If you had an interest in science and lived in Philadelphia in the 1840s, you almost definitely knew William Wagner. You'd probably been to a few of his free informal lectures, conducted right out of his own home, illustrated with his own extensive collections. Perhaps you'd also missed a few, trying to squeeze your way into the packed room, only to find you couldn't hear a word Wagner said.
The popularity of William Wagner's "gentleman naturalist" lectures grew so large so quickly that the noted Philadelphian merchant decided to expand into a new building - he called it the Wagner Free Institute.
The beautiful Victorian building houses Wagner's natural history collections as well as a stately lecture hall in which Wagner could continue to offer free lectures to the public. Completed in 1865, the Wagner stands as a monument to the ideal that education should be available to everyone. Wagner lectured there right up until his death in 1885.
Following Wagner's death, the famous biologist Joseph Leidy was brought on to head the institute's research and collections. He greatly expanded the museum's holdings and organized the entire collection according to Darwin's theory of evolution - cases of taxidermy, entomology, and sea life were arranged from simpler to more complex organisms - which is exactly how you will find it today. The Wagner has not changed since Leidy's rearrangement back in 1891. It is truly a museum of museums, a rare chance to see where knowledge stood during such an exciting time of scientific change. From the beautiful original rosewood glass cases, to the handwritten labels from 1865, to the case of taxonomic confusion (a platypus next to a sloth next to an anteater?), the Wagner is a treasure trove of the history of 19th century natural history.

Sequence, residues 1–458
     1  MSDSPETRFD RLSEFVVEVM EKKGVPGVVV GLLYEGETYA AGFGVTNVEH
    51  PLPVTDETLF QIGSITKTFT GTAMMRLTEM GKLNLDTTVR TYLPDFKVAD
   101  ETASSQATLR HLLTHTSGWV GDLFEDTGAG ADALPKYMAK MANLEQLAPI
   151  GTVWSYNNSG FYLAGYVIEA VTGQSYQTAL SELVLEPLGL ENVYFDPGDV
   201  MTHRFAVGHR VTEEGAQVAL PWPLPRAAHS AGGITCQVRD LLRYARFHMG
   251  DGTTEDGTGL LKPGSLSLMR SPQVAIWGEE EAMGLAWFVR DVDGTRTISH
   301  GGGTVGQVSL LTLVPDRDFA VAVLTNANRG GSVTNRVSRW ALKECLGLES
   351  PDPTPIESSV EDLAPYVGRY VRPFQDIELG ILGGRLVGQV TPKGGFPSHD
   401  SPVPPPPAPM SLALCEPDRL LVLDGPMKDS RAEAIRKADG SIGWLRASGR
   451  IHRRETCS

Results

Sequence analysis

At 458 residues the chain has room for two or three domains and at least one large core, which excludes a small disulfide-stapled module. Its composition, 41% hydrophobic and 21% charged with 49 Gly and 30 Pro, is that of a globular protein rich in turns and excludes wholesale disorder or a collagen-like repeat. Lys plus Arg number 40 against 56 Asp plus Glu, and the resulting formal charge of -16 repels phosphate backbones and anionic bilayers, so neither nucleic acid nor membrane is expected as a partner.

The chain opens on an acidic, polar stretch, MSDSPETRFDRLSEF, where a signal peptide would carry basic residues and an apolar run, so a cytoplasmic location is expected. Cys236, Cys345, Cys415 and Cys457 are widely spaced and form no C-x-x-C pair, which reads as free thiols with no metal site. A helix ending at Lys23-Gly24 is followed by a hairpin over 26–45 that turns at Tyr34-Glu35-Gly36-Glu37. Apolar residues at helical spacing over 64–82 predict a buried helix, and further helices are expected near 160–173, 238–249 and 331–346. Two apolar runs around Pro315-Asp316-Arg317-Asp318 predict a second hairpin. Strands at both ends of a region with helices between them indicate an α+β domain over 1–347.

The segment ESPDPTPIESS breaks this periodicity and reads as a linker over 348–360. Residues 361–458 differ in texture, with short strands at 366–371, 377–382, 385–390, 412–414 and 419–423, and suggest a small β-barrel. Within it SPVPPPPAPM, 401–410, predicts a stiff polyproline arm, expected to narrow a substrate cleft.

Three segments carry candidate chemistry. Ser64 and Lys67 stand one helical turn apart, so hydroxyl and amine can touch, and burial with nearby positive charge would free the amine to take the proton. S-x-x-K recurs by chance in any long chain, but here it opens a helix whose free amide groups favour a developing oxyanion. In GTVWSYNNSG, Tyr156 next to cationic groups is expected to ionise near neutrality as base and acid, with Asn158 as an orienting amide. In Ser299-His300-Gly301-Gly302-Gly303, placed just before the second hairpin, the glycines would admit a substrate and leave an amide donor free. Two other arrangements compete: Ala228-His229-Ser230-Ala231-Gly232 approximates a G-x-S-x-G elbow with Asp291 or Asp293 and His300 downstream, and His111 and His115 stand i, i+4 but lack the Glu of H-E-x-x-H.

The Institute continues to provide free science and natural history classes to interested adults and children. From the museum's website,
"The Institute began in 1855 as one of the earliest free adult science education programs in the United States. From the beginning it has combined public access to natural history and science materials with lively educational programs taught by acknowledged scholars. That agenda has altered little over time except to incorporate new fields of science and new theories of older disciplines."